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Estimating Returns to Education when the IV Sample is Selective

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  • Wang, Le

    (University of Oklahoma)

Abstract

The literature estimating returns to education has often utilized spousal education and parental education as instrument variables (IV). However, due to usual survey designs, both IVs are available only for the individuals whose spouse or parents are present in the same household. The IV estimates based on these selective sub-samples may be inconsistent, even when the IVs satisfy the standard assumptions. In this paper, we examine the empirical relevance of this issue in the Chinese context. To our surprise, unlike the selection issue in other situations, this kind of selection does not appear particularly worrisome, suggesting that the previous IV results are robust. In particular, using China Household Income Project 1995 and 2002, we find that correcting for this potential issue has only a modest impact on the magnitude of the standard IV estimates using parental education as an IV, but a negligible impact on those using spousal education. Using the specification tests proposed, we find that these impacts are generally not statistically significant. These results are further confirmed by our analysis using U.S. data. We believe that these results are of use to both policymakers and practitioners.

Suggested Citation

  • Wang, Le, 2012. "Estimating Returns to Education when the IV Sample is Selective," IZA Discussion Papers 7103, Institute of Labor Economics (IZA).
  • Handle: RePEc:iza:izadps:dp7103
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    Cited by:

    1. Hanewald, Katja & Jia, Ruo & Liu, Zining, 2021. "Why is inequality higher among the old? Evidence from China," China Economic Review, Elsevier, vol. 66(C).
    2. Mien-Yun Kuo & Ji-Liang Shiu, 2016. "A dynamic quantitative evaluation of higher education return: evidence from Taiwan education expansion," Journal of the Asia Pacific Economy, Taylor & Francis Journals, vol. 21(2), pages 276-300, April.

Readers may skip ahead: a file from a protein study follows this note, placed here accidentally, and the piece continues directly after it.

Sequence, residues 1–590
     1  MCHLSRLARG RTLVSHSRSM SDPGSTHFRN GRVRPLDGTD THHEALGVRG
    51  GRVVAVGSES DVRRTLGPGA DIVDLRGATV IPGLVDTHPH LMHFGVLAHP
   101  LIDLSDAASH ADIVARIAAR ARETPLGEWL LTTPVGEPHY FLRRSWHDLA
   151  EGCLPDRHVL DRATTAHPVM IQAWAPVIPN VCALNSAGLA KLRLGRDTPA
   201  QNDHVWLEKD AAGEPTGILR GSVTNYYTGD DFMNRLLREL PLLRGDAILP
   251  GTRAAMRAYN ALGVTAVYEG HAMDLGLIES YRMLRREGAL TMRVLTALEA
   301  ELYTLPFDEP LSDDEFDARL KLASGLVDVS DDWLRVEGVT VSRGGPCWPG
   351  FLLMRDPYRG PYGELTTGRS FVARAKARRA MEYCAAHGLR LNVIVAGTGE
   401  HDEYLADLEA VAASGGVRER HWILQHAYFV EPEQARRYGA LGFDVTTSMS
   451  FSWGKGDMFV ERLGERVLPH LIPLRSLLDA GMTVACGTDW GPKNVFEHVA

3. Daniel J. Henderson & Anne-Charlotte Souto & Le Wang, 2020. "Higher-Order Risk–Returns to Education," Journal of Risk and Financial Management, MDPI, Open Access Journal, vol. 13(11), pages 1-25, October.

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    More about this item

    Keywords

    sample selection; returns to education; Chinese labor market; instrument variable estimation;
    All these keywords.

    JEL classification:

    • J24 - Labor and Demographic Economics - - Demand and Supply of Labor - - - Human Capital; Skills; Occupational Choice; Labor Productivity
    • I21 - Health, Education, and Welfare - - Education - - - Analysis of Education
    • C14 - Mathematical and Quantitative Methods - - Econometric and Statistical Methods and Methodology: General - - - Semiparametric and Nonparametric Methods: General
    • C31 - Mathematical and Quantitative Methods - - Multiple or Simultaneous Equation Models; Multiple Variables - - - Cross-Sectional Models; Spatial Models; Treatment Effect Models; Quantile Regressions; Social Interaction Models
    • P52 - Economic Systems - - Comparative Economic Systems - - - Comparative Studies of Particular Economies

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